There will be many commemorations for Bannockburn 700 throughout the world, wherever Scots meet. Bannockburn near Geelong in Victoria, Australia also has its own battle re-enactment scheduled for 22 June. Here in Stirling the Masonic societies in the Provincial Grand Lodge of Stirlingshire have had a commemorative dinner for over 200 of their members. Two medals have been struck, both featuring the statue of King Robert the Bruce by the sculptor Pilkington Jackson, unveiled 50 years ago by Her Majesty the Queen. One is issued by the Provincial Grand Lodge, the other by Lodge Bannockburn Bruce and Thistle, and examples of both are in the Bannockburn exhibition at the Smith.
The survival of what little remains of the battlefield is largely down to the Masonic community. It was the Loyal Dixon Lodge of Oddfellows of Dumbarton, with the help of the Stirling Oddfellows, who erected the 120 foot high flag pole in 1870. Before that, visitors had great difficulty in finding the Bore Stone where Robert the Bruce was said to have placed his standard.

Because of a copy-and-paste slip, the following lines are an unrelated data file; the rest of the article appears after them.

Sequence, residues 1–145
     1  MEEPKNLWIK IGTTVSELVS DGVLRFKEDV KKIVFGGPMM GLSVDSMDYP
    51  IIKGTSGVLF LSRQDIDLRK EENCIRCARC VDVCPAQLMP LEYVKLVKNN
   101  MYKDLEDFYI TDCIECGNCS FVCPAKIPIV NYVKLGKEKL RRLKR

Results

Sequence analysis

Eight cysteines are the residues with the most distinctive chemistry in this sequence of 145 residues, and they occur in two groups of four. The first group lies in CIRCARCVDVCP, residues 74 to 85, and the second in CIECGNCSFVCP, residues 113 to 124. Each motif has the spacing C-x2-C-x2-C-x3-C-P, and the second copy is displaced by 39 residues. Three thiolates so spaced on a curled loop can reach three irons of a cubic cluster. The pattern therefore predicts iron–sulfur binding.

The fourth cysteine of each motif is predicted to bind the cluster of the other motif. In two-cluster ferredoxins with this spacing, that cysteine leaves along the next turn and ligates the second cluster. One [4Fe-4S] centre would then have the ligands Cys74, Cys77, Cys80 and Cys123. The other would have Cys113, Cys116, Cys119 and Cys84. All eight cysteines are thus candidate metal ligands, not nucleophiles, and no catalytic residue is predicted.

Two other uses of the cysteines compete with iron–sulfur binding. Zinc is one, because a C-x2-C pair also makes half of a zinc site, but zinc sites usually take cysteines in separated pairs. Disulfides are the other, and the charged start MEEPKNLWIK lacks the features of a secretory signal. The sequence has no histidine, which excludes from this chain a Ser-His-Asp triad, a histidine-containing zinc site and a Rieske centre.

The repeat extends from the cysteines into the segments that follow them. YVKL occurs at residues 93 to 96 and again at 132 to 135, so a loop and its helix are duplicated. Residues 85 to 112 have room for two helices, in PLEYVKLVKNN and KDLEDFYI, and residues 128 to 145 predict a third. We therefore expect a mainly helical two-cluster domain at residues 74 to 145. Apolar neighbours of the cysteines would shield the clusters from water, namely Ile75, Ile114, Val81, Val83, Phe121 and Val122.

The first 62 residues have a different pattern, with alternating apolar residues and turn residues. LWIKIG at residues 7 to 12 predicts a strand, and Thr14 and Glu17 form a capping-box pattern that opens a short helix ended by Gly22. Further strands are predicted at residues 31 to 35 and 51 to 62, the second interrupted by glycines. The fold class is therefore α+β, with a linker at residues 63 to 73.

The supporting plinth of the Bruce statue, like the flag pole beside it, was dedicated with full Masonic honours and over a thousand masons present at the ceremony in 1964. Both the flag pole and the statue have been restored recently, and should be good for another 200 years, denoting the site of Bannockburn.